TAMs general service officers cleaning up Lake Tuggeranong.

TAMs general service officers cleaning up Lake Tuggeranong. Photo: Elesa Kurtz

Community groups in Canberra's south are anxious about future funding to save a deteriorating Lake Tuggeranong.

The ACT and federal governments finally signed off on an $85million plan to tackle the territory's polluted waterways late last month – almost six years after the federal government allocated the money for territory water projects, including an abandoned plan for a desalination plant.

But ACT Southern Catchment Group, Tuggeranong Lake Carers and Tuggeranong Community Council are concerned about what funding might be allocated to the unhealthiest body of water in the territory – Lake Tuggeranong.

TAMs general service officers cleaning up Lake Tuggeranong.

TAMs general service officers cleaning up Lake Tuggeranong. Photo: Elesa Kurtz

During a funding announcement Minister for Environment and Sustainable Development Simon Corbell verbally excluded Lake Tuggeranong from examples of government priorities – Yarralumla Creek, Fyshwick and new development areas in Lower Molonglo and West Belconnen – although it has continuously been listed as one of the six catchments included in the project.

Emeritus professor of biochemistry and water quality expert Dr Ian Falconer has dubbed Lake Tuggeranong as the worst of the territory's lakes, ahead of Lake Burley Griffin.

Few recommendations outlined in a 2011 report commissioned by the ACT Commissioner for the Environment – widely considered a blueprint for healthy waterways – have been pursued.

ACT Southern Catchment Group chairwoman and Tuggeranong Lake Carers convener Glenys Patulny was concerned about the security of funding for the lake, a portion of which was originally earmarked for two wetlands in Tuggeranong.

"My biggest concern is there is no guarantee we will get something; we've been identified, it doesn't necessarily mean we're going to get it," she said.

In a letter to Minister Corbell, Ms Patulny and Tuggeranong Community Council president Eric Traise expressed  concerns  about the lake and a two-year monitoring program.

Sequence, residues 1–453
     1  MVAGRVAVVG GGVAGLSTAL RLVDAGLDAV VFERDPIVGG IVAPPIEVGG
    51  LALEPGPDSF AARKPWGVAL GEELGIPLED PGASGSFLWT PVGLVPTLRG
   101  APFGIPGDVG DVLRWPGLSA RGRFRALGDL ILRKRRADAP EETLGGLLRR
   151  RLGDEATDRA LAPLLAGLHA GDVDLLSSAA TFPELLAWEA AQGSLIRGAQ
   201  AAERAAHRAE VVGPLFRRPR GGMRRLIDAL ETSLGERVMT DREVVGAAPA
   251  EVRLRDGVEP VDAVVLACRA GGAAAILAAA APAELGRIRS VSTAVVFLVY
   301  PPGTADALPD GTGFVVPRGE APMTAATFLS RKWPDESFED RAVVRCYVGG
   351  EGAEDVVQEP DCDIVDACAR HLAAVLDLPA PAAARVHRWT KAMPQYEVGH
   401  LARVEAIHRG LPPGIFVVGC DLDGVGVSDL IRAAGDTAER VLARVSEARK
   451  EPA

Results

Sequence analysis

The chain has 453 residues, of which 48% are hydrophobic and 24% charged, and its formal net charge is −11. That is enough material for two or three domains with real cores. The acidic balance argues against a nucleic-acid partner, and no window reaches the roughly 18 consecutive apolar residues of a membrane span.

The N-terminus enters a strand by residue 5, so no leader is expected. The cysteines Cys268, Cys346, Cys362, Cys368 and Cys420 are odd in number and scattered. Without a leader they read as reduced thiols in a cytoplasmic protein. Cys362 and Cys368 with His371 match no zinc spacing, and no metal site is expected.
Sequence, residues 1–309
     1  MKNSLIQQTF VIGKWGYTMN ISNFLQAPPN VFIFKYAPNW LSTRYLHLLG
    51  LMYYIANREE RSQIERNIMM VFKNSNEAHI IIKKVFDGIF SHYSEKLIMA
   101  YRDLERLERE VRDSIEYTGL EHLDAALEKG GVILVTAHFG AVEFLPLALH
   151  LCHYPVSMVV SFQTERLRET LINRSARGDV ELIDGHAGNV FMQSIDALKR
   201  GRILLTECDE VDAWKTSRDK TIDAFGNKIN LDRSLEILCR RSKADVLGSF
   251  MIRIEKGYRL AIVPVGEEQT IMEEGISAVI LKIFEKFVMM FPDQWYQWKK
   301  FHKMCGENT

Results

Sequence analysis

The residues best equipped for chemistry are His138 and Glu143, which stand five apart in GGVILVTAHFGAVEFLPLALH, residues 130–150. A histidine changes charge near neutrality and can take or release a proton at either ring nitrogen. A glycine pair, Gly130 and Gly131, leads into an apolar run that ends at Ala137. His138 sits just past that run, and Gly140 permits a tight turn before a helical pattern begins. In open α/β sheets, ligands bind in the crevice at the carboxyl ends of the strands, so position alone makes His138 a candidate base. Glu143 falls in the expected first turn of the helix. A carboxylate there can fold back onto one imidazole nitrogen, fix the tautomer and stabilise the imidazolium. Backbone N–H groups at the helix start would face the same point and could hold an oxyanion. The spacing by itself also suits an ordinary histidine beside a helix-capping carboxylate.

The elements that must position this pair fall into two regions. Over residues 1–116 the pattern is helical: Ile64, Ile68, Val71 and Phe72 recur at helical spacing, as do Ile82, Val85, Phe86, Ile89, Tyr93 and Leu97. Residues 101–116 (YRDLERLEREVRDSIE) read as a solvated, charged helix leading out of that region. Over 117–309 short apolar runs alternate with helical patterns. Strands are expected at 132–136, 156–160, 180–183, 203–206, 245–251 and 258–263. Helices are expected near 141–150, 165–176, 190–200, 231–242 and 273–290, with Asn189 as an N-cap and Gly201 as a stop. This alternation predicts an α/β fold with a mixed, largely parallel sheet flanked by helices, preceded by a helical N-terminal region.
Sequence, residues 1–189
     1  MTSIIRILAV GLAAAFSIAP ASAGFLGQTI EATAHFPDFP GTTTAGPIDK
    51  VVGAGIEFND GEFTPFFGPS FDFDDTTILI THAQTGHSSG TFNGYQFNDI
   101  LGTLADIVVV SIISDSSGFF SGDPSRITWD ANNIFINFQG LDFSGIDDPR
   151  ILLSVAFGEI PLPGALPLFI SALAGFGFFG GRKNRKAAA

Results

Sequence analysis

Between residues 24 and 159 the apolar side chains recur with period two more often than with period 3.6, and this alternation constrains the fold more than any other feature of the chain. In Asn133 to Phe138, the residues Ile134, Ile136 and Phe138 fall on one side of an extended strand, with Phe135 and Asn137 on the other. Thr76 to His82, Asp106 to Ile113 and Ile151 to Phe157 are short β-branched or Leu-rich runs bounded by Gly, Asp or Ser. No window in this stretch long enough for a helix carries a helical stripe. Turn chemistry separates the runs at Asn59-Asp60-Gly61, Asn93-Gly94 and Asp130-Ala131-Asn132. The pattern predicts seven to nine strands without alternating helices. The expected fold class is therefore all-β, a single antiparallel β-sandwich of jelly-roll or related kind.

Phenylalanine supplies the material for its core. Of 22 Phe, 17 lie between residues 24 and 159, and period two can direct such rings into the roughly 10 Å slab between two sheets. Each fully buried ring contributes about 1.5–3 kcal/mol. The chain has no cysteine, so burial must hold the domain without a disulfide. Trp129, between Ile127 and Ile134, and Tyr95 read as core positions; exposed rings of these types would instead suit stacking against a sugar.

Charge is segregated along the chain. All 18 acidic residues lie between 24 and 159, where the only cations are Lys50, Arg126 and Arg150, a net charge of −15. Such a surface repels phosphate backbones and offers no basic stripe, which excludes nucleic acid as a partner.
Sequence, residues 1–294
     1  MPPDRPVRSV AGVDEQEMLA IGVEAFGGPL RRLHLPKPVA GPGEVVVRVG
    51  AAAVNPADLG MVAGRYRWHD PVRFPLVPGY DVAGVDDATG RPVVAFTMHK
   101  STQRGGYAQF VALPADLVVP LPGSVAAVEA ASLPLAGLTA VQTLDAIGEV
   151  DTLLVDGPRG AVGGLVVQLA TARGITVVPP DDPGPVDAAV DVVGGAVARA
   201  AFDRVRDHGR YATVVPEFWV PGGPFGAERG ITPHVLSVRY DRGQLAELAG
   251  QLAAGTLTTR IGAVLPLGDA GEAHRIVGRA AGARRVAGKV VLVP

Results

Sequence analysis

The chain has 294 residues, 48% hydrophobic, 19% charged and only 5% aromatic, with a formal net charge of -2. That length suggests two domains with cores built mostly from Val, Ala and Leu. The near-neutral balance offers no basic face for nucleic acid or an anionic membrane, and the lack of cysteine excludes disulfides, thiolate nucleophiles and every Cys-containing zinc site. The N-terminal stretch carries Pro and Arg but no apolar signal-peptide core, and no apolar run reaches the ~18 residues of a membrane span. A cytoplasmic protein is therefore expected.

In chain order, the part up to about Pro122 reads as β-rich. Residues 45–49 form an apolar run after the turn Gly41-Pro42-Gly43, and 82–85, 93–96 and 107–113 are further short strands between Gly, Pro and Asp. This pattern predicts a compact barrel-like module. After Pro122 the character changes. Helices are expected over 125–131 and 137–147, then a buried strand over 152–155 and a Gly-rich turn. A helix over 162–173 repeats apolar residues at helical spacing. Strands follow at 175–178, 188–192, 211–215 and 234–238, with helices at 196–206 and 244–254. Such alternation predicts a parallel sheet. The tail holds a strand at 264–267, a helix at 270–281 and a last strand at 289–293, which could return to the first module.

Most of the funding allocations will not be realised for another two years with monitoring and analysis to take place before works begin.

However, the catchment group's waterwatch program has seen close to 50 individuals and groups monitor the lake's health for a number of years already.

Ms Patulny was worried results drawn from the two-year monitoring would not be comparable.

"I can understand they want to do testing but the thing is it's comparing apples and oranges," she said.

"We've had ongoing problems [at Lake Tuggeranong] for six years. When you build a new development there is sediment for a couple of years, then things settle down. So if they do testing [in areas of new development] next year, it's not going to necessarily reflect what it is going to be in a few years."

Ms Patulny was particularly worried about the security of the lake as, unlike Lake Burley Griffin, Lake Tuggeranong was solely an ACT government responsibility rather than a combined federal and territory government responsibility.

A spokesman for Minister for Environment and Sustainable Development Simon Corbell assured the community Lake Tuggeranong was a priority included in the funding program.

He said consistent monitoring was a Commonwealth government condition so waterways could be compared and ranked based on priorities and realisable benefits.

"Where data is already available, this process will serve to confirm trends to add credence to business case development and inform the final Commonwealth decisions as to funded projects," he said.

"An augmented data collection regime will also serve to analyse the effectiveness of existing ponds, wetlands and other water quality control measures to inform the best approaches to new infrastructure.

"Each of the sub-catchments selected were on the deliberate basis of a representative sample of different catchment types and water management issues across the ACT ... This was with a view to being able to establish potential treatment trains in each that would better inform future catchment treatment in similar catchment types both within the ACT and more widely across the Basin.